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New office building planned for Camp Broadstone

broadstone_t.jpgBOONE—It has been more than 30 years since a building has been added to Camp Broadstone, but that soon will change.

A 1,500-square foot administrative building is expected to be complete by late spring or early summer 2008.

The building, designed by local architect David Patrick Moses, features a metal roof and wood exterior that blends with the camp’s rustic setting. Enterline and Russell Builders of Blowing Rock are the building contractors.

A groundbreaking for the new facility was held Dec. 12.

Broadstone_t2.jpgCurrent and former Appalachian State University employees associated with Camp Broadstone joined assistant camp director John Paul McNeal, far left, and camp director Judith Bevan, seventh from left, in a groundbreaking ceremony to celebrate the construction of a new camp office. (Appalachian photo by University Photographer Mike Rominger)

broadstoneoffice_t2.jpg A new office for Appalachian State University’s Camp Broadstone was designed by local architect David Patrick Moses to blend into the camp’s rustic setting.

“This new building is an indication of our continued growth, and hopefully it will be the beginning of many new buildings that will grace this facility,” said Judith Bevan, director of the camp. “We have always scrambled for space for our seasonal workers throughout the year, particularly in the summer. This building will provide the meeting space and work environment that we have needed for many years.”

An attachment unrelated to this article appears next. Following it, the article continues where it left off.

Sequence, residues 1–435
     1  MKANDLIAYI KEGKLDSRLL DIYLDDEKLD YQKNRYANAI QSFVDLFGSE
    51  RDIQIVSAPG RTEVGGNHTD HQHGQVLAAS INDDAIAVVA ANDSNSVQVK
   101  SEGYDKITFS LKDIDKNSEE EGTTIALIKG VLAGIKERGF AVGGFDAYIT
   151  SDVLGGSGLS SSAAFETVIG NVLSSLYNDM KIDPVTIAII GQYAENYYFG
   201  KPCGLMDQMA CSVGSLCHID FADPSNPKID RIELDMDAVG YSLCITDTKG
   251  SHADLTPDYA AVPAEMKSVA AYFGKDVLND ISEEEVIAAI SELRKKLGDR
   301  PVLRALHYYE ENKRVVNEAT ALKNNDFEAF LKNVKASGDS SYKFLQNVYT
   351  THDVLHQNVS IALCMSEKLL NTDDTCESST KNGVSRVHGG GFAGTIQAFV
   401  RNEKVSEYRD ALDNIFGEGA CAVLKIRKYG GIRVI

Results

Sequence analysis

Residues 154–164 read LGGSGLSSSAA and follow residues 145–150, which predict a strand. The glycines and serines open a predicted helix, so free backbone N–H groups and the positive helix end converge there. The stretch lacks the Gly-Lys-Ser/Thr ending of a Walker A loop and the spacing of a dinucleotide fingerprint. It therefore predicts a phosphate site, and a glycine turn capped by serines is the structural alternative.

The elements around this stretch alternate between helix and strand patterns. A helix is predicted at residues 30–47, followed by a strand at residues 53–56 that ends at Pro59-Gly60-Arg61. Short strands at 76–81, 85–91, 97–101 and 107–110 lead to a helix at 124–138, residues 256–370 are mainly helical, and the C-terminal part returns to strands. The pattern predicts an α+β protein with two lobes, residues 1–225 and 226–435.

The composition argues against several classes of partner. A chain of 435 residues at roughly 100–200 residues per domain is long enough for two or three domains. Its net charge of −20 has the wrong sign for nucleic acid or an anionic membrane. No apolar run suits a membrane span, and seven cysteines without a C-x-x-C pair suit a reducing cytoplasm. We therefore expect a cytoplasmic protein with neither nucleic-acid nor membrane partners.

Camp Broadstone operates year-round. Among its programming, the camp offers a summer camp for academically gifted students. The program, one of the oldest traditional summer camp programs for academically gifted youth in the country, will celebrate its 33rd anniversary next summer. A day camp for academically gifted children in the area will be added next year.

Working with the Appalachian’s Office of Admissions and Upward Bound program, the camp has created a college awareness program for young diversity students from across the state to introduce them to Appalachian and the world of higher education. “This program has been so successful that it has been adopted as a model by other colleges and universities,” Bevan said.

The camp also works closely with students in the university’s recreation management degree program. It also hosts wilderness first aid courses and is used by churches and other organizations for retreats.

The camp has served thousands of students during its history, and in some cases, the children of former campers. Parents of a camper wrote, “How wonderful that they have a place that they can build confidence and learn about the world from an affirming and nurturing perspective. I believe the two weeks at Broadstone are a major component in molding them into whom they will be and how they will think.”

“Hopefully, we can continue this growth and continue doing the things that makes this a premier educational facility for environmental and outdoor education and youth programs in the Southeast,” said Tom Fisher, interim director of continuing education at Appalachian.

Camp Broadstone originated as a boy’s athletic camp in 1956 through the work of the late Bob Breitenstein. Breitenstein was a former head football coach at the University of Miami. Appalachian acquired the camp in 1961 and began offering programs to broaden the educational experience outside the traditional classroom.

“When experiential education was in its infancy in the early 1970s, Appalachian and Camp Broadstone began a long tradition of providing quality training programs to Appalachian students of all majors and quality leadership and educational programs to youth and adults in and outside the university,” Bevan said.

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